Under the surveillance programs revealed by Edward Snowden earlier this year, we learned that the government has collected vast amounts of information on private communications, including those of civil society organizations.  One of the disclosed programs nets metadata on virtually every phone call in the country, and the second focuses on the communications between Americans and foreigners.  These programs raise a variety of concerns for civil society organizations, and particularly those engaged in international work.  Placing international groups and their partners under greater government scrutiny could backfire by decreasing foreigners’ willingness to engage with American civil society, a result which would be counter to our national interests.  A lawsuit recently brought against the National Security Agency (NSA) by the Electronic Frontier Foundation and almost two dozen political and religious groups makes clear that American organizations are concerned about government scrutiny and its impact on the rights of association, assembly and expression.  The efficacy of civil society, particularly international humanitarian and peacebuilding operations, is threatened both at home and abroad by the NSA’s surveillance programs.

The Programs:

The Snowden leaks cover two surveillance programs authorized by the Foreign Intelligence Surveillance Act (FISA), known as the “702” and “Patriot 215” programs.

The NSA collects metadata on almost all of our domestic-domestic phone calls using section 215 of the Patriot Act.  This is a ‘collect the whole haystack’ approach to surveillance.  Although this program does not collect the content of the communications, the metadata provides information on which numbers call each other and how often and the duration of each call.  Thus, although the data is benign in isolation, the NSA’s comprehensive database can piece together a very detailed picture of individuals or organizations.

The FISA 702 program has been used to put domestic-foreign communications under particular scrutiny.  As long as the government targets foreigners located abroad who do not have recognized Constitutional protections, the government is not limited to metadata, and can collect the actual content of communications as well.  The safeguards on this program are minimal; the government simply needs to assert to the FISA Court that a “significant” purpose of the surveillance is to acquire foreign intelligence information and to provide the court with its targeting and minimization procedures. In designing its targeting procedures, the government simply has to have a 51 percent certainty that the party being targeted is a foreigner located overseas – a coin flip essentially.  When Americans are on the other end of a call and their communications get swept up by these intercepts, their rights are dismissed under the argument that the foreigner was the target, the American was “incidental.”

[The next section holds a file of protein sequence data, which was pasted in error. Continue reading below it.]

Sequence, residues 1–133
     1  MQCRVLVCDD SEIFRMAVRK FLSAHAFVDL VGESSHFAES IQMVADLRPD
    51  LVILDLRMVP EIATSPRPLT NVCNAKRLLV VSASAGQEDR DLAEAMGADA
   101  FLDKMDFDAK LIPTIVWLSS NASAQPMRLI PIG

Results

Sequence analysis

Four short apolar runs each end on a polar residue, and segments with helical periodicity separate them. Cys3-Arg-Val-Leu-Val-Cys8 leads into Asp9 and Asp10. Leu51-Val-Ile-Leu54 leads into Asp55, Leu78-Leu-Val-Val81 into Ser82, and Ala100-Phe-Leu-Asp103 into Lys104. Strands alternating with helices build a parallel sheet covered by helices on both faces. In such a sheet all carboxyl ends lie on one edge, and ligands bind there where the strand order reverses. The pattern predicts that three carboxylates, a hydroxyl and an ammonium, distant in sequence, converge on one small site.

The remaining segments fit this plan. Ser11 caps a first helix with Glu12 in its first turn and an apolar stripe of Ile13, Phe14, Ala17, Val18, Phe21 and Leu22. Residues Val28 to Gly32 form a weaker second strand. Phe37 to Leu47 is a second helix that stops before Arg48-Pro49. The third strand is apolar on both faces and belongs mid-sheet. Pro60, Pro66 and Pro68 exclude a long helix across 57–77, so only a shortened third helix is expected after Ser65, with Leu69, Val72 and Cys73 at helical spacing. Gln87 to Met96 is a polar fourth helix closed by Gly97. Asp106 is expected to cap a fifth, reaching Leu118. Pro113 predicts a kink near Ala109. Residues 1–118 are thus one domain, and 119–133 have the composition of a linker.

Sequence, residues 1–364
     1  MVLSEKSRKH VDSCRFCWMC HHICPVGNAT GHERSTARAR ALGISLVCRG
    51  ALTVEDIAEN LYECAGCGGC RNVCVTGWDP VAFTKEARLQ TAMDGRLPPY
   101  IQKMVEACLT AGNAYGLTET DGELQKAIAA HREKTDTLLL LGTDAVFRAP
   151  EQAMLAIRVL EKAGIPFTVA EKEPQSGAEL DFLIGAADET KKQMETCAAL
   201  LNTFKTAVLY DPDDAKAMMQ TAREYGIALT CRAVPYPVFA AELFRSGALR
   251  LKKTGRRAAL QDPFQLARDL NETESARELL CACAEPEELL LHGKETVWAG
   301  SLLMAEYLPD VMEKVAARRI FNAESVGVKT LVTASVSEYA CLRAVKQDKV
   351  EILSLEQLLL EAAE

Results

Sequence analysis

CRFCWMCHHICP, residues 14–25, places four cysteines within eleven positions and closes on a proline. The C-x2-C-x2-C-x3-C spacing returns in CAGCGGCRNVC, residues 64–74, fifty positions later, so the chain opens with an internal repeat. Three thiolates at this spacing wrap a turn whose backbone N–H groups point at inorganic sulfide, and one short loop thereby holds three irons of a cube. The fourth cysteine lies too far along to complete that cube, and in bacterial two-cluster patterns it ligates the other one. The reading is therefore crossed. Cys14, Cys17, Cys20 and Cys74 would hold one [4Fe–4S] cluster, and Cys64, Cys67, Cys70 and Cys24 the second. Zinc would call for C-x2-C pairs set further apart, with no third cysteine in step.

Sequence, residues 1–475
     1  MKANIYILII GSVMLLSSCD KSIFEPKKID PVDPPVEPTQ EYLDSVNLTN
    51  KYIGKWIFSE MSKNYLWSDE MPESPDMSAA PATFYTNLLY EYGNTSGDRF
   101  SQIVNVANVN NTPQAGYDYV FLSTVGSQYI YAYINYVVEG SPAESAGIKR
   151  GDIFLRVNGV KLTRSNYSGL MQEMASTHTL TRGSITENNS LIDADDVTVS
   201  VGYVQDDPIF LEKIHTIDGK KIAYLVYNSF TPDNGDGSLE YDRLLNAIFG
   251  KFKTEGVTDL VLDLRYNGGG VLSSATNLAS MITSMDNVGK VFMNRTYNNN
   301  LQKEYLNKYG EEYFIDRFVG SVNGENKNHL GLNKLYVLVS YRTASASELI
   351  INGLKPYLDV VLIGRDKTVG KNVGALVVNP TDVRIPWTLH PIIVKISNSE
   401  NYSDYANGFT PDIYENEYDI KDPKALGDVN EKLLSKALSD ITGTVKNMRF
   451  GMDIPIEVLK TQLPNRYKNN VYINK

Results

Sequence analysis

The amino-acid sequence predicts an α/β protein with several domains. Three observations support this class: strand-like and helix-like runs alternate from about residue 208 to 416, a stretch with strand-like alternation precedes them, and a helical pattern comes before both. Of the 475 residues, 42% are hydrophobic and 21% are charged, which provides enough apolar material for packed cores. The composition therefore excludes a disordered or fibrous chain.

Civil Society Implications:

Any American organization or individual that regularly communicates with people in other countries is highly susceptible to having their communications “incidentally” collected by the 702 program. The work of international groups necessarily depends on a high degree of trust and cooperation with their foreign partners. It is hard to do this if you cannot have the sensitive conversations in private.  We may see that foreign associates are less willing to share information or cooperate with civil society now that the scope of 702 program has been revealed.

Consider what kind of message the 702 program is sending to our foreign partners.  A local charity helping distribute aid in a conflict zone may be under threat of violence from militias or a repressive government.  If the content of their communications revealing logistical arrangements and the identity of people involved were to be revealed to the wrong person, their safety and freedom could be endangered.  Similarly, a nonprofit working to bring warring parties together to resolve their dispute needs to be able to guarantee the privacy of their communications.  The thought of the U.S. government listening in could be enough to derail a peace project.